Trump Administration Tells Judge It's Lost Track Of Some Migrant Parents A federal judge in San Diego has ordered the federal government to reunite thousands of migrant children separated from their parents by Thursday — but hundreds will be waiting longer than that.

Law

Trump Administration Tells Judge It's Lost Track Of Some Migrant Parents

Trump Administration Tells Judge It's Lost Track Of Some Migrant Parents

  • Download
  • <iframe src="https://www.npr.org/player/embed/632183431/632183432" width="100%" height="290" frameborder="0" scrolling="no" title="NPR embedded audio player">
  • Transcript

A federal judge in San Diego has ordered the federal government to reunite thousands of migrant children separated from their parents by Thursday — but hundreds will be waiting longer than that.

NOEL KING, HOST:

The Trump administration is one day away from a major deadline. A federal judge has ordered the government to reunite thousands of migrant children with their parents by Thursday. They were separated as part of the Trump administration's zero-tolerance crackdown at the U.S.-Mexico border. As Julie Small with member station KQED reports, hundreds will be waiting a lot longer than that.

JULIE SMALL, BYLINE: U.S. District Judge Dana Sabraw expects the government to reunite a total of 1,637 children with their parents by the deadline. At a packed courtroom hearing Tuesday in San Diego, he called the government's efforts thus far a, quote, "remarkable achievement." But Sabraw also said the government must do more to find hundreds of parents they've been unable to locate so far. Sabraw said the large number of parents who are unaccounted for - over 400 have either been deported or agreed to leave the country - are a, quote, "deeply troubling reality of this case." There has to be an accounting, he said. On the courthouse steps after the hearing, American Civil Liberties Union attorney Lee Gelernt said the judge is right.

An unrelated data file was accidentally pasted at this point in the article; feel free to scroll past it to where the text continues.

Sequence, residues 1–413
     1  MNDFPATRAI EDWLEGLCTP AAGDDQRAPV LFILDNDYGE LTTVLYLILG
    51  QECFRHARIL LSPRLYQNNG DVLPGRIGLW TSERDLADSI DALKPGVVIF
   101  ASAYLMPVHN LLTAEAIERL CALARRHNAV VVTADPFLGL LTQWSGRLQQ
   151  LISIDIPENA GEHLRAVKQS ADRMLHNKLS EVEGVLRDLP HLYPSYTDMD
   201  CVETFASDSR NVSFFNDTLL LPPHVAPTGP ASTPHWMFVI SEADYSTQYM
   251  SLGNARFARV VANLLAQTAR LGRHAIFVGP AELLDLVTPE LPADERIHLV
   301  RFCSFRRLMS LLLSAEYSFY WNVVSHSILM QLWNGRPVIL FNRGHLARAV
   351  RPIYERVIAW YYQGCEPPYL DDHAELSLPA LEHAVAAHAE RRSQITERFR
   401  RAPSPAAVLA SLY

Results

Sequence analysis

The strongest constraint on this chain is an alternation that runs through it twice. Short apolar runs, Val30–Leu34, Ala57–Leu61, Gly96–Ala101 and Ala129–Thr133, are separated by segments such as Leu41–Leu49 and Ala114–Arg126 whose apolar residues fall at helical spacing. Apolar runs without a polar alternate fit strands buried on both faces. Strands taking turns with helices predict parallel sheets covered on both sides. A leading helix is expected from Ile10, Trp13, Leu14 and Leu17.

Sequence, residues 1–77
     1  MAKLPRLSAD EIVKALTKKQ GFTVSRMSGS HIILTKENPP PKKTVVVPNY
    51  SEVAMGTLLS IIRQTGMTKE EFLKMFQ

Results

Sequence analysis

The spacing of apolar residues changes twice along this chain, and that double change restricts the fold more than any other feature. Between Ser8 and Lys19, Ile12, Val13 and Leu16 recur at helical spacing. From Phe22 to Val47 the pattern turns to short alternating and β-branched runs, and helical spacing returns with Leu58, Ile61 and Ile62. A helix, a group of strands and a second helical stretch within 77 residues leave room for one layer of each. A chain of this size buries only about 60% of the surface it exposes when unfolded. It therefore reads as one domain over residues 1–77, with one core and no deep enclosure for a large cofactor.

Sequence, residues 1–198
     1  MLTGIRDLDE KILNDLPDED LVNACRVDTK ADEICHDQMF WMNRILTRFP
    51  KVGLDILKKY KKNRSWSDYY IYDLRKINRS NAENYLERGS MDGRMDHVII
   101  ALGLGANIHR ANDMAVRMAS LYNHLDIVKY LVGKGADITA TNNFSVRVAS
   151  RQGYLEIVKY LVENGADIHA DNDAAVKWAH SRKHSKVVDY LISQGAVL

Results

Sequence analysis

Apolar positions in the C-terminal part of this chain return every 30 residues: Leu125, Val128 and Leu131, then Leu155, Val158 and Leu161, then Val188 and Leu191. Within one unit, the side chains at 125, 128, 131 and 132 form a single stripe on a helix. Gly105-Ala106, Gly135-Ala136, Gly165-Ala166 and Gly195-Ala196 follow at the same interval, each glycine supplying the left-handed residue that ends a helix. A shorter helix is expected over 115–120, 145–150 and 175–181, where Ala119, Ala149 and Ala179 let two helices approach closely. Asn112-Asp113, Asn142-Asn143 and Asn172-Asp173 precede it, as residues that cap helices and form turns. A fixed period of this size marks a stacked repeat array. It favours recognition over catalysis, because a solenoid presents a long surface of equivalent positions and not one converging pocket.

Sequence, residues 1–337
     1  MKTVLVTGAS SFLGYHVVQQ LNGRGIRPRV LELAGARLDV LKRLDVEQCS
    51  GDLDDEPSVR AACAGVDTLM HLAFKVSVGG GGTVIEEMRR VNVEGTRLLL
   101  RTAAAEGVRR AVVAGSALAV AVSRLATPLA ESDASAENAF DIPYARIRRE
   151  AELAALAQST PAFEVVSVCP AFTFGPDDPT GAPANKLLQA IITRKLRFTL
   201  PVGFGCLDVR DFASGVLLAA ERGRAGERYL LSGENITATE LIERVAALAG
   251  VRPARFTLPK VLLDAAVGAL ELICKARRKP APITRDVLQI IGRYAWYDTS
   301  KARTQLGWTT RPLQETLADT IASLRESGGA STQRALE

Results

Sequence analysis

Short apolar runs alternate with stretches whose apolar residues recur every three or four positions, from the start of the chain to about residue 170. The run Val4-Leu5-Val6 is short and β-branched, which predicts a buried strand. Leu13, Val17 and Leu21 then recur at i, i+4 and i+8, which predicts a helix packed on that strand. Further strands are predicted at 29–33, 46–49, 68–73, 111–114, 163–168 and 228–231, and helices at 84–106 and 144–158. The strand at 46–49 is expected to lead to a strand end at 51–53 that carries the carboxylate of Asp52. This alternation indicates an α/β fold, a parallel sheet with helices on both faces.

LEE GELERNT: The government says maybe some of them voluntarily agreed, but until we speak to them, we have no idea what happened with these parents and why they left their children behind. We are hearing and we suspect that many of them will have been misled or coerced into leaving without their children.

SMALL: James Chavez, a federal defender in San Diego, says one father he represented was so desperate to be reunited with his 5-year-old daughter that he returned to Guatemala without her because officials told him going home would be the fastest way to get his daughter back.

JAMES CHAVEZ: They needed somebody who was related to the daughter to be back in Guatemala to send proof of that relationship, to send proof of her nationality and to send a letter saying that they wanted the daughter to be returned.

SMALL: Chavez says the government had all those documents within a couple weeks. Months after being separated, the father is in Guatemala, and his daughter is still in New York.

CHAVEZ: My client is now thousands of miles away from his daughter because he was led to believe that that would be the fastest way to be reunited with his daughter.

SMALL: More than 900 parents may not be reunited with their children by this week's deadline. That's because they either waived reunification, had a criminal record, were outside the U.S. or were still being evaluated. The judge has said the court will address those cases next. In the meantime, Sabraw ordered the government to provide the names of all parents not yet located, as well as names and locations of families who've been reunited but are facing deportation. The ACLU's Gelernt says they need to know all that to make sure people can meet with attorneys and understand their rights.

GELERNT: And so that's been critical. It also makes it hard for us to help find parents if we don't have information about who they can't find.

SMALL: The judge is expected to rule later this week on whether to uphold a temporary restraining order that prohibits the government from immediately deporting reunited families. For NPR News, I'm Julie Small.

(SOUNDBITE OF SOULAR ORDER'S "COMING HOME")

Copyright © 2018 NPR. All rights reserved. Visit our website terms of use and permissions pages at www.npr.org for further information.

NPR transcripts are created on a rush deadline by an NPR contractor. This text may not be in its final form and may be updated or revised in the future. Accuracy and availability may vary. The authoritative record of NPR’s programming is the audio record.